Crazy Michigan State U President Samuel Stanley Tells "Spartans" That CBP Presence On Campus Is A Bias Incident—Like A Toilet Paper Noose
Print Friendly and PDF

Samuel L. Stanley Jr., M.D. (that's how he signs himself) is the President of the Michigan State University.

Stanley [Email him] recently sent an email to, as far as I could tell, everyone at Michigan State (it doesn't count as spamming if you're President) about the threat of

  • Two drunks tearing down a temporary hut—a sukkah at a Jewish Center.
  • A "noose" made of out of toilet paper being found on a black student's door.
  • Officials from Customs & Border Protection giving a presentation to a business class on the subject of Customs compliance, which apparently terrified the illegal aliens at Michigan U. [Statement following reports of immigration enforcement agents on campus,, (Oct. 17, 2019)]

The really funny thing this email: Because of the university football team, it starts out "Dear Spartans." You can't help wondering what the "Spartans on the sea-wet rock" would have thought of that toilet paper noose.

Oct. 22, 2019

Fostering a safe and inclusive campus

Dear Spartans,

Our community has been affected in the past several days by incidents causing concern and anger.

I, too, am concerned, because a safe, inclusive and respectful campus is my top priority. Hate has no home at Michigan State. We want every individual to feel welcomed, valued and heard.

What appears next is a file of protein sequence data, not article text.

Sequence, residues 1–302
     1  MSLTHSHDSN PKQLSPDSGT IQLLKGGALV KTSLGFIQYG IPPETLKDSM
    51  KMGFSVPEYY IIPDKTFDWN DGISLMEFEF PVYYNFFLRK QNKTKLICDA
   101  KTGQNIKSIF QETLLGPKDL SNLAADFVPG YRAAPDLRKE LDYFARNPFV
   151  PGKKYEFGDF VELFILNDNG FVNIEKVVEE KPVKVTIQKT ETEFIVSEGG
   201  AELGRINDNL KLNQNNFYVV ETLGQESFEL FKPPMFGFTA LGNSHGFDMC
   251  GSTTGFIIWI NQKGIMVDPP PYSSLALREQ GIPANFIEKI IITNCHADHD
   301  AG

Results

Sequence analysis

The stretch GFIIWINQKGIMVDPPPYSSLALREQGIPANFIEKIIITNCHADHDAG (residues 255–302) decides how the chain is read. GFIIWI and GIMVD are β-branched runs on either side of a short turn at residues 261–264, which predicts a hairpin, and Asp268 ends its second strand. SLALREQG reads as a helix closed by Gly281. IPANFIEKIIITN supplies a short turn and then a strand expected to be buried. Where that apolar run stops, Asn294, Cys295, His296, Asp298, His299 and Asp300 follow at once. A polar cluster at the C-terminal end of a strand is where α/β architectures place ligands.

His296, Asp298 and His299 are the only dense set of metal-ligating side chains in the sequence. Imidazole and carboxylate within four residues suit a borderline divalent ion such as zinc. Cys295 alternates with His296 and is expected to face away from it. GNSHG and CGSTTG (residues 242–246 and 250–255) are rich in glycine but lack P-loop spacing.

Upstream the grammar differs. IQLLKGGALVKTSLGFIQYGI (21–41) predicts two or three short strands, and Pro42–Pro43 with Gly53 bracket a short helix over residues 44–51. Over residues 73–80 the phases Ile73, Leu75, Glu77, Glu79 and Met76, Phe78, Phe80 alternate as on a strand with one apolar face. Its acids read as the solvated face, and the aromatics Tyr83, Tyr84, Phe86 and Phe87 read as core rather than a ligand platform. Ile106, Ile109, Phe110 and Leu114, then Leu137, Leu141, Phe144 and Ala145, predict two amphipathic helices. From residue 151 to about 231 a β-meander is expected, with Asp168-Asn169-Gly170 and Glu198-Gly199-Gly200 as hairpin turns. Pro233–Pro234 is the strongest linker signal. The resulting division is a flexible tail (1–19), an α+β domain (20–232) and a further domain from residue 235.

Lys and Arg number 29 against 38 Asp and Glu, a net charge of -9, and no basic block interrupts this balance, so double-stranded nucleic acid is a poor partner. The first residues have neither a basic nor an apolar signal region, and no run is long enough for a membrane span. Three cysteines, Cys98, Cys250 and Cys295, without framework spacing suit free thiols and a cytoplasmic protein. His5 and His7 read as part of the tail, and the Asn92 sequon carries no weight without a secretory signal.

Recently the greater campus community has experienced vandalism at MSU Hillel, our center for Jewish student life; the presence of U.S. Customs and Border Protection on campus last week for a presentation to a class; an instance of racial bias reported from Bryan Hall over the weekend; and a survey in the College of Communication Arts and Sciences that offended students.

Some of these actions may not have grown from negative intent or malice, but it’s important for us all to remember the difference between intent and impact. Regardless of intent, there is still an impact being felt across campus.

These situations have disrupted a sense of safety that should exist for everyone. Building inclusive communities is at the core of our values, and the impact of recent events cannot be underestimated.[More]

The non-CBP incidents are minor, at worst. The drunks tearing down the sukkah hut (white males, by the way, there are photographs) may not have known that it was a Jewish religious thing, and the people who t.p.ed the door denied in set terms that they were doing more than a Halloween prank.

But black students reacted with rage and fear: They are

outraged with Michigan State University's response to a recent controversial incident on campus that officials called a "Halloween prank."

Students say the image of what appears to be a noose hanging on a dorm room door is no laughing matter.

"Like all the black students on campus, it's not a safe environment. We don't feel safe. We don't feel welcomed," said Blair Baker, an MSU student.

Students outraged over MSU response, WILX10, by Cryss Walker, October 22, 2019

The point is that it's offensive to compare the presence of US Government officials to drunks tearing down a sukka hut, or whoever, as a Halloween prank, put toilet paper on the door of some black students.

The CBP officials weren't a hate group, they're a hated group. And in telling the MSU student body that in spite the fact that these things may have had no  "negative intent or malice" that "it’s important for us all to remember the difference between intent and impact" is just giving in to the curse of modern mental illness and racial hate—against whites—on campus.

Email Stanley and tell him so.


Print Friendly and PDF